ERK-regulated cell proliferation requires multiple phosphorylation events catalyzed first by MEK and then by casein kinase 2 (CK2), followed by interaction with importin7 and subsequent nuclear translocation of pERK. We report that genetic manipulation of a core component of the actin filaments of cancer cells, the tropomyosin Tm5NM1, regulates the proliferation of normal cells both in vitro and in vivo. Mouse embryo fibroblasts (MEFs) lacking Tm5NM1, which have reduced proliferative capacity, are insensitive to inhibition of ERK by peptide and small-molecule inhibitors, indicating that ERK is unable to regulate proliferation of these knockout (KO) cells. Treatment of wild-type MEFs with a CK2 inhibitor to block phosphorylation of the nuclear translocation signal in pERK resulted in greatly decreased cell proliferation and a significant reduction in the nuclear translocation of pERK. In contrast, Tm5NM1 KO MEFs, which show reduced nuclear translocation of pERK, were unaffected by inhibition of CK2. This suggested that it is nuclear translocation of CK2-phosphorylated pERK that regulates cell proliferation and this capacity is absent in Tm5NM1 KO cells. Proximity ligation assays confirmed a growth factor–stimulated interaction of pERK with Tm5NM1 and that the interaction of pERK with importin7 is greatly reduced in the Tm5NM1 KO cells.
doi:10.1091/mbc.E14-10-1453
PMCID: PMC4571302  PMID: 25971798
4.  Cell Elasticity Is Regulated by the Tropomyosin Isoform Composition of the Actin Cytoskeleton 
PLoS ONE  2015;10(5):e0126214.
The actin cytoskeleton is the primary polymer system within cells responsible for regulating cellular stiffness. While various actin binding proteins regulate the organization and dynamics of the actin cytoskeleton, the proteins responsible for regulating the mechanical properties of cells are still not fully understood. In the present study, we have addressed the significance of the actin associated protein, tropomyosin (Tpm), in influencing the mechanical properties of cells. Tpms belong to a multi-gene family that form a co-polymer with actin filaments and differentially regulate actin filament stability, function and organization. Tpm isoform expression is highly regulated and together with the ability to sort to specific intracellular sites, result in the generation of distinct Tpm isoform-containing actin filament populations. Nanomechanical measurements conducted with an Atomic Force Microscope using indentation in Peak Force Tapping in indentation/ramping mode, demonstrated that Tpm impacts on cell stiffness and the observed effect occurred in a Tpm isoform-specific manner. Quantitative analysis of the cellular filamentous actin (F-actin) pool conducted both biochemically and with the use of a linear detection algorithm to evaluate actin structures revealed that an altered F-actin pool does not absolutely predict changes in cell stiffness. Inhibition of non-muscle myosin II revealed that intracellular tension generated by myosin II is required for the observed increase in cell stiffness. Lastly, we show that the observed increase in cell stiffness is partially recapitulated in vivo as detected in epididymal fat pads isolated from a Tpm3.1 transgenic mouse line. Together these data are consistent with a role for Tpm in regulating cell stiffness via the generation of specific populations of Tpm isoform-containing actin filaments.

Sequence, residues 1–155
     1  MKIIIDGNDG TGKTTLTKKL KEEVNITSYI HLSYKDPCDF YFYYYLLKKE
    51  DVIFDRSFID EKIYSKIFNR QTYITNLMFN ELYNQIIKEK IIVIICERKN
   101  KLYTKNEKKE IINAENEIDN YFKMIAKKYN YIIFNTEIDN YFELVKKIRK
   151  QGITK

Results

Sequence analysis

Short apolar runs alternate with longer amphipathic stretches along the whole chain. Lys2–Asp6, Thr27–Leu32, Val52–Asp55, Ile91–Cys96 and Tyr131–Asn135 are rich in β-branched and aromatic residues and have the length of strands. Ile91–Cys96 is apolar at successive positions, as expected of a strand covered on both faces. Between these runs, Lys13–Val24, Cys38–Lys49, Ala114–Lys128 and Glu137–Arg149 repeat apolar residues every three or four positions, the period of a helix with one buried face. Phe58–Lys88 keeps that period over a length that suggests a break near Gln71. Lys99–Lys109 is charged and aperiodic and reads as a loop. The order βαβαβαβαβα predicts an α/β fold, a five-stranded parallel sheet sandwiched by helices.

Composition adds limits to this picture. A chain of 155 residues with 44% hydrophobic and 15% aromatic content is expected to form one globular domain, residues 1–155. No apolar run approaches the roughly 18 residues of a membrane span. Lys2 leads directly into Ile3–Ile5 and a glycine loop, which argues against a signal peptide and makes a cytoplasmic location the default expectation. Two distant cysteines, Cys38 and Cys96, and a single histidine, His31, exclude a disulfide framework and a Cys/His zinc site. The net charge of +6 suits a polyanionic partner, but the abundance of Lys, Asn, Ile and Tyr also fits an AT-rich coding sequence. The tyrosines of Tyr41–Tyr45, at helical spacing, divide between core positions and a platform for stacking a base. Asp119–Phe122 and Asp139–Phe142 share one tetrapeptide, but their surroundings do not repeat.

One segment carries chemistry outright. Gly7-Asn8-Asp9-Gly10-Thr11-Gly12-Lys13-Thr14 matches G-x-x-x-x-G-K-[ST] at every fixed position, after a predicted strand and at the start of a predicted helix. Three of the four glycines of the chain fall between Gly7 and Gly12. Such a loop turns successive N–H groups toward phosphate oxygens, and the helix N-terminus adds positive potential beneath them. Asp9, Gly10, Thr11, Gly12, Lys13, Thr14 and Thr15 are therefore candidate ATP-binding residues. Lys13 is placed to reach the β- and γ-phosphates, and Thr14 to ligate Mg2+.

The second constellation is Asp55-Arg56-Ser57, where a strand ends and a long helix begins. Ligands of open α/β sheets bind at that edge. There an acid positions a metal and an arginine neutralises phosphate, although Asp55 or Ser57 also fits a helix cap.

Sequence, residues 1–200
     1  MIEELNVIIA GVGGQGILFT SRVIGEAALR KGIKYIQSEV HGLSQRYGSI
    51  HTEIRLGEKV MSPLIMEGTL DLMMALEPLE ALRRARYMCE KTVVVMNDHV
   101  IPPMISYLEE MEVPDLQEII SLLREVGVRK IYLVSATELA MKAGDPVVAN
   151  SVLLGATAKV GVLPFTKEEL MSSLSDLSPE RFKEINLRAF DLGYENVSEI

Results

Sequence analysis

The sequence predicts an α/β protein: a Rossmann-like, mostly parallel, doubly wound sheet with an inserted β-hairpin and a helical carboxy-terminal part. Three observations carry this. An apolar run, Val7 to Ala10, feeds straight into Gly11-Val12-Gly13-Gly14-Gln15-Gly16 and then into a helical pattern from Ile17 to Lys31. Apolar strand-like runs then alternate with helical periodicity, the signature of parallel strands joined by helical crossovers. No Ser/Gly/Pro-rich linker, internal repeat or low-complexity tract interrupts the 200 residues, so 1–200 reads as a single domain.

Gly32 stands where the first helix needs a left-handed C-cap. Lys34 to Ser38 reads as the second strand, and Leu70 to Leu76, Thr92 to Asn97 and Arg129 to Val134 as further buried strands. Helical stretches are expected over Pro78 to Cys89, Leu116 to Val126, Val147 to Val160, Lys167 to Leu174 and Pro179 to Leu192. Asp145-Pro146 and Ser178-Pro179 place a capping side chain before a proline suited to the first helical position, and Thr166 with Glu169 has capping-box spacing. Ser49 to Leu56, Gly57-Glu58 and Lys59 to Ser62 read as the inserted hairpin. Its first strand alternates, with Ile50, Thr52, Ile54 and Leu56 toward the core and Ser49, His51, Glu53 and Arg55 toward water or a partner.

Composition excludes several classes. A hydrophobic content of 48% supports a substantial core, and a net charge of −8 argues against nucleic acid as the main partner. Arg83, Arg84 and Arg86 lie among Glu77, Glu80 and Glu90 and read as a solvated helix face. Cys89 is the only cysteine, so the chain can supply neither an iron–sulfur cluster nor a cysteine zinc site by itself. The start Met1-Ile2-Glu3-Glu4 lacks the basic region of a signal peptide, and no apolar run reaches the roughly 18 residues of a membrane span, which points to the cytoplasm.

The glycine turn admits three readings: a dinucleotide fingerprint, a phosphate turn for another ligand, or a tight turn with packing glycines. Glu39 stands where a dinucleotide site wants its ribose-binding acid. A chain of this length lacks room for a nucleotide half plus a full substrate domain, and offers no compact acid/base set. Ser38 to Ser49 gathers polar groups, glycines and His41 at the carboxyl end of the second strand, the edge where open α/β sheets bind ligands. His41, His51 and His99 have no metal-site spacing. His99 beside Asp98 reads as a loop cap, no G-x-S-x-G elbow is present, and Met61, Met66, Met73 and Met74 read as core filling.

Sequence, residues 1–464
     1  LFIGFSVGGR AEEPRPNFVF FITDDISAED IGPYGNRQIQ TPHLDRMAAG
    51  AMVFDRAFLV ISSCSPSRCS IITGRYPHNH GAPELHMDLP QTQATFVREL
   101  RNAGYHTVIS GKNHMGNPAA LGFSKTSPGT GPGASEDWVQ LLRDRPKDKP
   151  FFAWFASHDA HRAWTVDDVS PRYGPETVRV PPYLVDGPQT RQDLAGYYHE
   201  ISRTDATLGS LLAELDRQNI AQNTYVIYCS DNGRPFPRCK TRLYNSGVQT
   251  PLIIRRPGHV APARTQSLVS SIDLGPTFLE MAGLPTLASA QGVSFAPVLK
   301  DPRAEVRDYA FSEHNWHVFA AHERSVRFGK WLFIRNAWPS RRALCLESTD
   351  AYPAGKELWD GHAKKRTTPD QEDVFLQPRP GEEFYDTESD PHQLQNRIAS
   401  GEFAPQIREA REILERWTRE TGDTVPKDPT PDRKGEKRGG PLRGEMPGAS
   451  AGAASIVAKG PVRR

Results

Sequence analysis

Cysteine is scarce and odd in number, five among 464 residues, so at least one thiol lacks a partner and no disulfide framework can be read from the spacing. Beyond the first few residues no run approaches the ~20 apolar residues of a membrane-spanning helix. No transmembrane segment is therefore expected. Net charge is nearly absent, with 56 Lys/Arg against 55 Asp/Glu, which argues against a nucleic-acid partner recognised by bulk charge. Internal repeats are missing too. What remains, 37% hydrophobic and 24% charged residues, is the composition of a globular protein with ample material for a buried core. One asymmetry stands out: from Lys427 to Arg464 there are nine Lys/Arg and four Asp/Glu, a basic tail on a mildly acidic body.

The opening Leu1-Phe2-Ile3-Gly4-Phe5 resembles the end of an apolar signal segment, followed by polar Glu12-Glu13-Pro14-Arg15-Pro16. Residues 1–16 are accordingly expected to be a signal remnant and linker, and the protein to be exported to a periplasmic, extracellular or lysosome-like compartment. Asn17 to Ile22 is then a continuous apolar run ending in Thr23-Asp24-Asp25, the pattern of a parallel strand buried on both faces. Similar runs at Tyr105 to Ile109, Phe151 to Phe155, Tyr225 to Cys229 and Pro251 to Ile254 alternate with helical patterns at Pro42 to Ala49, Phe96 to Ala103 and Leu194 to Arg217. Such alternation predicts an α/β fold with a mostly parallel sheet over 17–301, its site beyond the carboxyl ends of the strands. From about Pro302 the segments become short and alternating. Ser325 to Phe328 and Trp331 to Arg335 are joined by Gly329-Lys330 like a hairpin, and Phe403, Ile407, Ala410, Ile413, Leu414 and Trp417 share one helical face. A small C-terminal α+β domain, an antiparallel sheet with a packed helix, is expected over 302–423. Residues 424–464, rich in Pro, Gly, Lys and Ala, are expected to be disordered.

doi:10.1371/journal.pone.0126214
PMCID: PMC4433179  PMID: 25978408
5.  The actin cytoskeleton as a sensor and mediator of apoptosis 
Bioarchitecture  2012;2(3):75-87.
Apoptosis is an important biological process required for the removal of unwanted or damaged cells. Mounting evidence implicates the actin cytoskeleton as both a sensor and mediator of apoptosis. Studies also suggest that actin binding proteins (ABPs) significantly contribute to apoptosis and that actin dynamics play a key role in regulating apoptosis signaling. Changes in the organization of the actin cytoskeleton has been attributed to the process of malignant transformation and it is hypothesized that remodeling of the actin cytoskeleton may enable tumor cells to evade normal apoptotic signaling. This review aims to illuminate the role of the actin cytoskeleton in apoptosis by systematically analyzing how actin and ABPs regulate different apoptosis pathways and to also highlight the potential for developing novel compounds that target tumor-specific actin filaments.
doi:10.4161/bioa.20975
PMCID: PMC3414384  PMID: 22880146
actin; apoptosis; actin binding proteins; mitochondria; Bcl-2; cancer; multi-drug resistance

Results 1-5 (5)